formation is to seed the electrolyte with aluminum trihydroxide crystals. These
act to convert the aluminum hydroxide to aluminum trihydroxide as the crystals
grow. To prevent hydrogen gas evolution tin and zinc have been used as
corrosion inhibitors. A number of additives are used to control the reactions.
A disadvantage of the alkaline electrolyte is that it reacts with atmospheric
Aluminum / air cells have also been made for marine
applications. These are "rechargeable" by replacing the seawater electrolyte
until the aluminum is exhausted, then replacing the aluminum. Some cells that
are open to seawater have also been researched. Since salt water solutions tend
to passivate the aluminum, pumping the electrolyte back and forth along the
cell surface has been successful. For those cells that don't need to use ocean
water, an electrolyte of KCL and KF solutions is used.
Air electrodes of Teflon-bonded carbon are used without a
Applications: Pacemakers, defibrillators, watches,
meters, cameras, calculators, portable, low-power use
Lithium battery chemistry comprise a number of cell
designs that use lithium as the anode. Lithium is gaining a lot of popularity
as an anode for a number of reasons. In this comparison of anode materials, we
can see some reasons why:
Note that lithium, the lightest of the metals, also has
the highest standard potential of all the metals, at over 3 V. Some of the
lithium cell designs have a voltage of nearly 4 V. This means that lithium has
the highest energy density. Many different lithium cells exist because of its
stability and low reactivity with a number of cathodes and non-aqueous
electrolytes. The most common electrolytes are organic liquids with the notable
exceptions of SOCl2 (thionyl chloride) and
SO2Cl2 (sulfuryl chloride). Solutes are added to the
electrolytes to increase conductivity.
Lithium cells have only recently become commercially
viable because lithium reacts violently with water, as well as nitrogen in air.
This requires sealed cells. High-rate lithium cells can build up pressure if
they short circuit and cause the temperature and pressure to rise. Thus, the
cell design needs to include weak points, or safety vents, which rupture at a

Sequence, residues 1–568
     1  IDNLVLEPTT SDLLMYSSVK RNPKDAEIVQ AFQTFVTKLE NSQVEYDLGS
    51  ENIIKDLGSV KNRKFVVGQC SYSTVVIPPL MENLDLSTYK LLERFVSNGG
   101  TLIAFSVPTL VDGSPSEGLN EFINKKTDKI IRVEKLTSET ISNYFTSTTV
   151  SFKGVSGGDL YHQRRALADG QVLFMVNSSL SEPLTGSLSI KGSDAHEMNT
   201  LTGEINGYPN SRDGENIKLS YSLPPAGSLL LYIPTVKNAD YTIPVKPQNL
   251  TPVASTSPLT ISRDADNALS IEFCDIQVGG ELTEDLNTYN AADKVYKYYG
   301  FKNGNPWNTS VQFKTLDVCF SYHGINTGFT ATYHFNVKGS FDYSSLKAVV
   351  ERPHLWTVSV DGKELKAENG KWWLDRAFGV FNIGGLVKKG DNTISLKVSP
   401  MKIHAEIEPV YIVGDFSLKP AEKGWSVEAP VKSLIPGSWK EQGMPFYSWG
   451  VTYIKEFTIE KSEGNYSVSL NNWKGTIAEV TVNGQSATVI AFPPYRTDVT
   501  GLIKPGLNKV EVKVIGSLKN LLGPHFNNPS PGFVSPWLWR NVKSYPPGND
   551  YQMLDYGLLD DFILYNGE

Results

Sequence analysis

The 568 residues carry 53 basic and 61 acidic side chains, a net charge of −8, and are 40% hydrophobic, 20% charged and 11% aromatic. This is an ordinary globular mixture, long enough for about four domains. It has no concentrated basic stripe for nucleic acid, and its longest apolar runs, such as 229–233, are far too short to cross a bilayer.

certain pressure to prevent explosion.
Lithium cells can be grouped into three general
categories: liquid cathode, solid cathode, and solid electrolyte. Let's look at
some specific lithium cell designs within the context of these three
Liquid cathode lithium cells:
These cells tend to offer higher discharge rates because
the reactions occur at the cathode surface. In a solid cathode, the reactions
take longer because the lithium ions must enter into the cathode for discharge
to occur. The direct contact between the liquid cathode and the lithium forms a
film over the lithium, called the solid electrolyte interface (SEI). This
prevents further chemical reaction when not in use, thus preserving the cell's
shelf life. One drawback, though, is that if the film is too thick, it causes
an initial voltage delay. Usually, water contamination is the reason for the
thicker film, so quality control is important.
This cell performs very well in high current applications
as well as in low temperatures. It has an open voltage of almost 3 V and a
typical energy density of 240280 Wh/kg. It uses a cathode of porous
carbon with sulfur dioxide taking part in the reaction at the cathode. The
electrolyte consists of an acetonitrile solvent and a lithium bromide solute.
Polypropylene acts as a separator. Lithium and sulfur dioxide combine to form
2Li + 2SO2 >
These cells are mainly used in military applications for
communication because of high cost and safety concerns in high-discharge
situations, i.e., pressure buildup and overheating.
LiSOCl2 Lithium Thionyl Chloride
This cell consists of a high-surface area carbon cathode,
a non-woven glass separator, and thionyl chloride, which doubles as the
electrolyte solvent and the active cathode material. Lithium aluminum chloride
(LiAlCl4) acts as the electrolyte salt.
The materials react as follows:
||Li > Li+ + e-
||4Li+ + 4e- +
2SOCl2 > 4LiCl + SO2 + S
||4Li + 2SOCl2 > 4LiCl +
SO2 + S